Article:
On the Y-Axis I’ve included the spectrum of Positive & Negative. Are these facts or fictions good things or bad things?  This starts to bring in the reputation factor – have you burned bridges in the past? Do people consider you trustworthy?  Rating your facts and fictions on this scale really starts to help you get a sense of just how solid your reputation is out there, and how authentic you’re being day-to-day.

Another angle for the Positive vs. Negative is to consider whether an item positively contributes to presenting the image, or ‘brand’ that you want people to see. Maybe you have a dominating experience or past career that people still think of being an integral part of who you are and what you’re trying to achieve. You may want to place that in the negative range even though the outside world perceives it as a positive as it may be hurting your overall goals.

The Quadrants

Obviously, what you really want to present and embrace are your positive, factual traits. As I’ve indicated in the image the other three quadrants all bear their own risks:

Positive Fictional – Congratulations, you’re been a great bullshitter so far. It’s not going to last, if someone corrects these before you can  they’ve only got one place to go, the bottom right corner and then you’re done.

Negative Fictional – Unlike above, no one deliberately creates these types of items (I hope) but they can emerge. Maybe someone is spreading rumours, or there’s been a misunderstanding -there’s many ways these can get created. The important thing is to identify them early and get on correcting them because even though you know they’re fiction, someone else considers them facts.

Negative Factual – Have you considered a career change? Sure, with enough time and effort you could probably remedy these but if anything ends up down here and it’s a key item or trait you need to succeed the deck is most certainly stacked against you.

Positive Factual – The holy grail. Get all your dots up here and you’ve got a good baseline to work from.

Fixing Your Map

Invariably, we’re all going to have a dots in all of the quadrants – none of us are perfect. So how do we start correcting it?

Moving Fictions to Facts

Don’t worry about the positives/negatives at first. What you really want to do is get yourself to a factual baseline as quickly as possible. Fictions are ticking time bombs, whether you’ve created them or now. Get them off your plate first, then you can worry about the true picture is positive or not.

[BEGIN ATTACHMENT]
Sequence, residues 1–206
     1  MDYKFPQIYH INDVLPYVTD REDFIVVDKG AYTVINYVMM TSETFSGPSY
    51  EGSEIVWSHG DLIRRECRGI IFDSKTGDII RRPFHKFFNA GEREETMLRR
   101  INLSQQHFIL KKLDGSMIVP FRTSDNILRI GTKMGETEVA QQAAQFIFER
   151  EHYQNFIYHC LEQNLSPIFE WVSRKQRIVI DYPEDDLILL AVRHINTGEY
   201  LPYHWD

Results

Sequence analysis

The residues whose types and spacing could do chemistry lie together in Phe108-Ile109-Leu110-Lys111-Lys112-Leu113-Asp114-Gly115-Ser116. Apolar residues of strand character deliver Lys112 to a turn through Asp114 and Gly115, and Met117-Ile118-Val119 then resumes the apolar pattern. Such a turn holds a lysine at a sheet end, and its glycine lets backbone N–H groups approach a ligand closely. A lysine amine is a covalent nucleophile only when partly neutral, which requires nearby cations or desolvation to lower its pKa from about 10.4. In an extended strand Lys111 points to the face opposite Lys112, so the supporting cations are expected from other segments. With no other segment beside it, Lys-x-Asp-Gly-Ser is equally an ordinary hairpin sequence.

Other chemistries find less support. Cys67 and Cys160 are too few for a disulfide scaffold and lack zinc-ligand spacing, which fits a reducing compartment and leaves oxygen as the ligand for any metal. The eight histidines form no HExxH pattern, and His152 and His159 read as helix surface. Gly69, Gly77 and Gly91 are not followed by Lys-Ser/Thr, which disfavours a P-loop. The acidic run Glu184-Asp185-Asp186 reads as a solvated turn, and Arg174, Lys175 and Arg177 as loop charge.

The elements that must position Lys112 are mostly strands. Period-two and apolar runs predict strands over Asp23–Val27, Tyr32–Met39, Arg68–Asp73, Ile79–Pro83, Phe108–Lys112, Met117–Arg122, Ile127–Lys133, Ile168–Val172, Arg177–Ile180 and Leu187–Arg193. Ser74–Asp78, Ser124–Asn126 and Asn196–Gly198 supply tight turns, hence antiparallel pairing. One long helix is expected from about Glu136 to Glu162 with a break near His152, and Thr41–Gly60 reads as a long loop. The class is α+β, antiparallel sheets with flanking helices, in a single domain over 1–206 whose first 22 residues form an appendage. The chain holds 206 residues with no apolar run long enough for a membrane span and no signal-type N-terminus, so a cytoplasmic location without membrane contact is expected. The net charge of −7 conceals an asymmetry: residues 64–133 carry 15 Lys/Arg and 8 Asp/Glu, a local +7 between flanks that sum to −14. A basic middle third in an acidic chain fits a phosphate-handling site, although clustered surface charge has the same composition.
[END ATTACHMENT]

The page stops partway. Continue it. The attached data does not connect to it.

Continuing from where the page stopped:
1. Cut the Bullshit – Take a good look at what you’re putting out there – Look at each of the fictions, determine where the truth lies and reevaluate how you speak about it – If it’s a flat out lie just cut it, now. If it’s something fuzzier (i.e. adding an extra few years experience as a professional web designer because you once built a one-page ‘website’ in high school) then you need to step back and ask yourself “What would happen if someone asked me to elaborate on this?” bring your presentation in line with how you’d truthfully answer that question. It’s okay to reach but make sure you can always truthfully back it up.

2. Clean up the Messes – This may be a bit trickier, but if you’ve got negative things out there about you that are just plain wrong (or at least, not entirely truthful) you need to find the source and solve the problem. Maybe it was a misunderstanding and a simple conversation will correct things. Be careful here though, you don’t want to take some tiny little misconception that few people have noticed and blow it up to a big problem by pointing it out to everyone (i.e. publicly renouncing it on your blog).  Choose your ‘battles’, when cleaning up these messes do it as discreetly as possible.

Moving to the Positive

Now you can turn your focus to cleaning up your image – hopefully this is not a big undertaking for most people


1. Make Things Right – Alright you really screwed something up, we all do it at one point or another. You may never be able to correct it, but you can make an effort to show that you’ve learned from the experience. Apologize, talk it out, make it right as best you can – nothing will change until you make the first step. Again, the key here is to be authentic – you can’t just declare this to be in your past and have everyone shrug and say “okay”. The only way anything is getting off the bottom of this chart is if other people move it.

2. Spin It – Now, when I say spin I don’t mean take your major cock-up from above and try and put some rosy paint on it. This is more in reference to those items that are in your past, are considered positive by many people but are getting in your way of advancing your current goals. Step back and look for the positive angles that you can take from that experience and apply to your current goals – i.e. how does that experience give you a unique edge in your current space?  If you can’t find something (and I’d be surprised if you don’t), move to step 3. Hell, move to step 3 anyways.